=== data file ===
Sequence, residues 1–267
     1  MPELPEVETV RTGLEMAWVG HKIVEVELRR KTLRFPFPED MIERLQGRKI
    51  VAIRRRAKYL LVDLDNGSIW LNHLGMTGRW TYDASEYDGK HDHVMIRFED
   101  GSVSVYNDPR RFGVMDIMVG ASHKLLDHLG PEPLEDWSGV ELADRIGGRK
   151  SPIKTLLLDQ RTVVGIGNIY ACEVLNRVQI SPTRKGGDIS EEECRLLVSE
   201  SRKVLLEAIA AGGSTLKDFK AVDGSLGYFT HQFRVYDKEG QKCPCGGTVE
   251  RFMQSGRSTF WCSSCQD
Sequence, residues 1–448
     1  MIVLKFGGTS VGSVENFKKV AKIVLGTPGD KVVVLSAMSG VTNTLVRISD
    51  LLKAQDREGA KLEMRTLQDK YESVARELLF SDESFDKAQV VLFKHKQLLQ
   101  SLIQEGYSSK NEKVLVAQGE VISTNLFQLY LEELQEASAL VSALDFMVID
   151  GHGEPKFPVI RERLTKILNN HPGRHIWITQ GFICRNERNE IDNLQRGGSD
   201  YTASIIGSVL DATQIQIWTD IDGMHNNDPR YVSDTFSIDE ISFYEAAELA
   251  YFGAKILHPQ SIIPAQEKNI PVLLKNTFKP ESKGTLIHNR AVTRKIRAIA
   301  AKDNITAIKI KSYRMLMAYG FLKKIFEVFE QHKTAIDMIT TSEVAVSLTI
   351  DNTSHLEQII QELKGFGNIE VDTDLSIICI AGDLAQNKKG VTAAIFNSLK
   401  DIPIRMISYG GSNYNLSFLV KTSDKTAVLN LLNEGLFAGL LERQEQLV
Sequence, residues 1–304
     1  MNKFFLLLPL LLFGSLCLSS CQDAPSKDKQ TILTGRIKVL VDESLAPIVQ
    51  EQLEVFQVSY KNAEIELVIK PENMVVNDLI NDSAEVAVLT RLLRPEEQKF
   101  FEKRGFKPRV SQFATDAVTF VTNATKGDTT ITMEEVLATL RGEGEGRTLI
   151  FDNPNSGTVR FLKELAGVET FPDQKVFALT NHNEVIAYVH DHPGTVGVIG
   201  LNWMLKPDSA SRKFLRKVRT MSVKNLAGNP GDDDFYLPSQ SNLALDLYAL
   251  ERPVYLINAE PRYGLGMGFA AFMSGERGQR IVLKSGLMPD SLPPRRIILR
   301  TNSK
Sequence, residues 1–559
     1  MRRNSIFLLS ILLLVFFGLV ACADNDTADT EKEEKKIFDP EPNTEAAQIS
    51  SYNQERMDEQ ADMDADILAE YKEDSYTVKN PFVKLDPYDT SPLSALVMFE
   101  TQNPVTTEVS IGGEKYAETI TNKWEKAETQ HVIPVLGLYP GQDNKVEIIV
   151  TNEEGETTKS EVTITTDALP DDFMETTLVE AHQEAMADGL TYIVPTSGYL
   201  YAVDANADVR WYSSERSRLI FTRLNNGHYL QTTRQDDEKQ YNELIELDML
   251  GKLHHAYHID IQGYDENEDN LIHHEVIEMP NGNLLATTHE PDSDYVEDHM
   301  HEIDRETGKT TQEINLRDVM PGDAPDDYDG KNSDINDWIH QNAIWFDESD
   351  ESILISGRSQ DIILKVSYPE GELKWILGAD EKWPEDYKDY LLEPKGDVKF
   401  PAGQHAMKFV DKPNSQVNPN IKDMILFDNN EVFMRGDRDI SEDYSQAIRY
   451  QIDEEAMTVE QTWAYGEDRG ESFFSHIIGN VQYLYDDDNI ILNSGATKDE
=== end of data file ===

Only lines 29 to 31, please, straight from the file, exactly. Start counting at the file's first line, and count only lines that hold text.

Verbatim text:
   101  TQNPVTTEVS IGGEKYAETI TNKWEKAETQ HVIPVLGLYP GQDNKVEIIV
   151  TNEEGETTKS EVTITTDALP DDFMETTLVE AHQEAMADGL TYIVPTSGYL
   201  YAVDANADVR WYSSERSRLI FTRLNNGHYL QTTRQDDEKQ YNELIELDML